Systems Thinking – SCORCH will investigate how existing support systems, infrastructure and programs can respond to climate change using a cross-disciplinary approach that reaches across organizations and expertise to find solutions. A flexible and integrated data core will be developed to facilitate this process and tackle complex problems.
Health Equity – SCORCH will work with partners to evaluate needs and conduct collaborative research that engages the community with the science. In responding to climate threats, equity will be prioritized by cultivating relationships with local and global partners in arid regions.
From Science to Solutions – SCORCH will develop responsive and resilient systems that can adapt to climate impacts. In collaboration with community organizations, the team will connect research knowledge with practical implementation. They will foster partnerships with the private sector to scale solutions and build relationships with policymakers to guide action and lead adaptation.
The broader university community will be engaged through seed grant programs and workshops to develop innovative research and solutions. The center’s scientific studies will build on a foundation of data to provide benchmarks and insights that will guide decision-makers to prepare for the complex health challenges posed by climate change and protect communities.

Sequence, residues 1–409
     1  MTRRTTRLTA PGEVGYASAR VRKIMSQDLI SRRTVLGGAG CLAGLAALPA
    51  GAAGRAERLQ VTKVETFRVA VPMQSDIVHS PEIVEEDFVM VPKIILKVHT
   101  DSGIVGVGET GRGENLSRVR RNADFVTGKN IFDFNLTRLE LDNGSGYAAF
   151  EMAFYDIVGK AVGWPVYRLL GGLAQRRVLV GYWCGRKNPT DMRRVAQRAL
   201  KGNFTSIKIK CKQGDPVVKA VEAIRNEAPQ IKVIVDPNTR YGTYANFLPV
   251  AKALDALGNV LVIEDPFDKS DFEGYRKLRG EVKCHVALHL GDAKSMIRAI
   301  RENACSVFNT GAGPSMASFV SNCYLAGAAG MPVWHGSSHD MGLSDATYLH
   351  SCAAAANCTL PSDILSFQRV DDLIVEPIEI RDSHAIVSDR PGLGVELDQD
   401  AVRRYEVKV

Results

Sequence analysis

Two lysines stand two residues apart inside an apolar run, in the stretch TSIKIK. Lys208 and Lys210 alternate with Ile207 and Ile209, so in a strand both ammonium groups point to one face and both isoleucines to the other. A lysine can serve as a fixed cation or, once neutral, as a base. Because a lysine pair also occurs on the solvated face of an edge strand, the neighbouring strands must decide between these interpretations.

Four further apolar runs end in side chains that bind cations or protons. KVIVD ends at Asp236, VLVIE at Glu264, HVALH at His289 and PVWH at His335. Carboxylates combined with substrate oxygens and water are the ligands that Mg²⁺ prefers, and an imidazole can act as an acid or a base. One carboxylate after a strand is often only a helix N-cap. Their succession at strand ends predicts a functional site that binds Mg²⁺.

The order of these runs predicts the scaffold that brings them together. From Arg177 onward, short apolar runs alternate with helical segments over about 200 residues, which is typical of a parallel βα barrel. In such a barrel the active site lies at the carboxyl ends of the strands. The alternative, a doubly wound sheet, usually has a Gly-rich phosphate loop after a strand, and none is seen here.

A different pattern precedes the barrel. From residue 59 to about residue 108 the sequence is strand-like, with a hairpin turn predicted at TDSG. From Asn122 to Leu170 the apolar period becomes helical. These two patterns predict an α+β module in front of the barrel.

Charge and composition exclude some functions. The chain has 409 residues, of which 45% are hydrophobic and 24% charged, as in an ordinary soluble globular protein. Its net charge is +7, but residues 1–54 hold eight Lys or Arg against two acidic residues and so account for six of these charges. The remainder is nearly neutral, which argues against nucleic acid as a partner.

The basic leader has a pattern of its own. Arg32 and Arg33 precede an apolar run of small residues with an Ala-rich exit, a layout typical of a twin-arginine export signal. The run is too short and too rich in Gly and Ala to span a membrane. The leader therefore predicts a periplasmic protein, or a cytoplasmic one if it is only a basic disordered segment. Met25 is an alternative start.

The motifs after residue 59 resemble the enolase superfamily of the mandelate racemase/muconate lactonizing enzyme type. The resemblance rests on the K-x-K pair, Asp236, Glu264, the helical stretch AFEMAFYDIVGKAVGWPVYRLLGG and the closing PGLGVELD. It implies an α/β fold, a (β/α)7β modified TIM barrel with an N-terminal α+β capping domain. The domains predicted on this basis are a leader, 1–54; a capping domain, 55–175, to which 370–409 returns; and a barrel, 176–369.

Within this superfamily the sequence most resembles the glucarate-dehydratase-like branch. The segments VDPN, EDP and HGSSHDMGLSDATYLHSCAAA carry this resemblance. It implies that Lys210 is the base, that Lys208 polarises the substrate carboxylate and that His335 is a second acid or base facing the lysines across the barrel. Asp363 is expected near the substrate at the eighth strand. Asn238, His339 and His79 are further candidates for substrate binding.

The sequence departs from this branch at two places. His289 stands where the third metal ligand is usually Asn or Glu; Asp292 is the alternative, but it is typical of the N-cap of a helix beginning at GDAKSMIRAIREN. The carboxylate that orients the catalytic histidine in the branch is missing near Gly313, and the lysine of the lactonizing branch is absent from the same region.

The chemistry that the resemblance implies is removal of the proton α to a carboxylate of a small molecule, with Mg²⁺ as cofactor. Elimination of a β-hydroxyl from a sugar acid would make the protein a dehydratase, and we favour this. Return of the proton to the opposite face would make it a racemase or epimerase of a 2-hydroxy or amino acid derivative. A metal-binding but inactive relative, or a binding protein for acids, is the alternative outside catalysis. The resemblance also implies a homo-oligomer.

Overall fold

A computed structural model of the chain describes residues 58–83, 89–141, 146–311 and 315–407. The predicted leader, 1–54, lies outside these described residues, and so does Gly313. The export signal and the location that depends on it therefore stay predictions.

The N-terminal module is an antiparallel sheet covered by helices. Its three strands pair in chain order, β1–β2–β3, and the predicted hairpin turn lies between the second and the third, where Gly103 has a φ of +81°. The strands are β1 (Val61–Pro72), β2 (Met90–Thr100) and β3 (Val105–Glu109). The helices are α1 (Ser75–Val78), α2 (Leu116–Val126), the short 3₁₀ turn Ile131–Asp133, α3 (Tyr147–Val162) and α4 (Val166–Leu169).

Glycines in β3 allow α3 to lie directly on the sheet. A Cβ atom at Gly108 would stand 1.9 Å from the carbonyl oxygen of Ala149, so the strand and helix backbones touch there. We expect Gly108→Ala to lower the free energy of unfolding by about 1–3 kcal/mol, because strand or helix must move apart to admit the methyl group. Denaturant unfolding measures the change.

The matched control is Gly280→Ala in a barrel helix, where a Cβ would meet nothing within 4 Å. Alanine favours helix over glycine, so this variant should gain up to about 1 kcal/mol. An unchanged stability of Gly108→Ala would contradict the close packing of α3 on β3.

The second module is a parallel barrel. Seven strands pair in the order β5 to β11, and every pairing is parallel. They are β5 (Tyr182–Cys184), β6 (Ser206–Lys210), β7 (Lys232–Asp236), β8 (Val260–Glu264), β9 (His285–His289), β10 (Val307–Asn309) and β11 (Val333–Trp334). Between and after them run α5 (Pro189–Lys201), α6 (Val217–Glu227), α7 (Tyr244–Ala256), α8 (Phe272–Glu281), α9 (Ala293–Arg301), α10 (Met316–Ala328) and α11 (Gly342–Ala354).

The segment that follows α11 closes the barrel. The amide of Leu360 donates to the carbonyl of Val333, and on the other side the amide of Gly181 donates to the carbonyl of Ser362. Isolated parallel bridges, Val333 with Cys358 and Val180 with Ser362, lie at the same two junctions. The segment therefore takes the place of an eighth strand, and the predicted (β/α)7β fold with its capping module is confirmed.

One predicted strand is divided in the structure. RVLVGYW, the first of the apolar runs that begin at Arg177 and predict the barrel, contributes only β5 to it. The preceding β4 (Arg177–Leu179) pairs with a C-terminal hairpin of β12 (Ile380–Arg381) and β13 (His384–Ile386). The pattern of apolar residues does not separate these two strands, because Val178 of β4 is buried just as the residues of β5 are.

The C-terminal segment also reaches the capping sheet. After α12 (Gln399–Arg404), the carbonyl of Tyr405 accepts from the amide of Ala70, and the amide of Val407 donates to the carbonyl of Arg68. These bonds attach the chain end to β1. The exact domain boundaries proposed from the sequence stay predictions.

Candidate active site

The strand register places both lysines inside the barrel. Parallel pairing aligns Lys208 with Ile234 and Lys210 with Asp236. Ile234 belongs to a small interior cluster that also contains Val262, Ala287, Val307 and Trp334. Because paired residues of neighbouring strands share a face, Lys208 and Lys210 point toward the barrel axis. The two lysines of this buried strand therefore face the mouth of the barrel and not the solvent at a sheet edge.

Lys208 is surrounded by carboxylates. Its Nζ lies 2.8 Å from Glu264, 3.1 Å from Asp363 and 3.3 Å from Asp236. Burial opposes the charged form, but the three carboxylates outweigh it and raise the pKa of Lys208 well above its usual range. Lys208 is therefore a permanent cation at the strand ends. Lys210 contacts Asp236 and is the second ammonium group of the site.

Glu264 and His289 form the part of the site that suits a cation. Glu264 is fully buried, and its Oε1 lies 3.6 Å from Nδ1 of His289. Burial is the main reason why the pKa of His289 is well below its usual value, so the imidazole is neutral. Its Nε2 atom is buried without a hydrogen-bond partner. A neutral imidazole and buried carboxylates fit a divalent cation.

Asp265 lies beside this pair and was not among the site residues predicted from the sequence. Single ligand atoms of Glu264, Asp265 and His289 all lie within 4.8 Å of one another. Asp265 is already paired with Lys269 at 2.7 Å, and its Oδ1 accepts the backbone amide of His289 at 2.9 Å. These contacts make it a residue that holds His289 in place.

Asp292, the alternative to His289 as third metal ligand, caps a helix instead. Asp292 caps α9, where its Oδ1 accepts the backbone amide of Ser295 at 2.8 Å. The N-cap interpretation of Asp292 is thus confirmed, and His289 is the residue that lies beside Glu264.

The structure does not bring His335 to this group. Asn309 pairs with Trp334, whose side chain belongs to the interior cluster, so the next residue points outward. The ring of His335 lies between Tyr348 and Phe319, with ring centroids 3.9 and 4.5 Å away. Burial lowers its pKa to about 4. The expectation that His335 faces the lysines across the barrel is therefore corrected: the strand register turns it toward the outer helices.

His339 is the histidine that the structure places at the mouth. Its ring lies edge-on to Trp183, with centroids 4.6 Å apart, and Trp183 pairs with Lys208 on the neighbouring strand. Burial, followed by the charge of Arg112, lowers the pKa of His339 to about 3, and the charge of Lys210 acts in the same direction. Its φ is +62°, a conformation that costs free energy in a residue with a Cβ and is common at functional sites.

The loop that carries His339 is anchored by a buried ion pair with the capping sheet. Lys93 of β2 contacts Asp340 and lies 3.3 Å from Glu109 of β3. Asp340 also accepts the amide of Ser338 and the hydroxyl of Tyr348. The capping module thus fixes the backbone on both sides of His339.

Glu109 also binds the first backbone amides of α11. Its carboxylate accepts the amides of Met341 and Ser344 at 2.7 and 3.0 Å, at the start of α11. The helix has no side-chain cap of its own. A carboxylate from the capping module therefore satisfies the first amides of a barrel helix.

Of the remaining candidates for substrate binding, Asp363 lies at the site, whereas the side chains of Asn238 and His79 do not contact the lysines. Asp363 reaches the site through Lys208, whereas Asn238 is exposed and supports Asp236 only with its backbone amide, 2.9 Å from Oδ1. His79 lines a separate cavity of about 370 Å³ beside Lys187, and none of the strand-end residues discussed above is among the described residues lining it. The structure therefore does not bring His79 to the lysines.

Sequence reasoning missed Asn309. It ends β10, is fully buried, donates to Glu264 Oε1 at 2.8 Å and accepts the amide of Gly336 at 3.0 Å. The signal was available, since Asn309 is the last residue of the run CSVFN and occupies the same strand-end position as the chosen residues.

“I’m very pleased and proud of Dr. Arora and Dr. Ernst for their work at the forefront of climate change response and public health,” said Iman Hakim, MD, PhD, MPH, dean of the Zuckerman College of Public Health, “We have been working collaboratively for several years with other researchers and community health providers to respond to these climate shocks such as heatwaves, droughts and wildfires, and now we’re able to build on that work to help communities develop resilience. This is the work of the future. Climate change is impacting all of humankind.”
In addition to researchers Furlong and Li and lead investigators Arora, Hoover and Ernst, who also serves as co-Director for the Bridging Biodiversity and Conservation Science program at the university’s Arizona Institute for Resilience, the SCORCH team includes: Zuckerman College of Public Health researchers Paloma Beamer, PhD, professor, interim associate dean of community engagement and BIO5 Institute member; Dean Billheimer, PhD, professor and member of the BIO5 Institute; Chris Lim, PhD, assistant professor, and Yiwen Liu, PhD, assistant professor. In addition to Li, other College of Architecture, Planning and Landscape Architecture collaborators include Ladd Keith, PhD, assistant professor, and Mackenzie Waller, MA, MLA, with Cristian Roman-Palacios, PhD, assistant professor in the UArizona iSchool, rounding out the UArizona research team. Huaqing Wang, PhD, assistant professor in the College of Agriculture and Applied Sciences at Utah State University, is also collaborating on the center.
This work is funded by the National Institute of Environmental Health Sciences, a division of the National Institutes of Health, under award no. 1P20ES036112-01.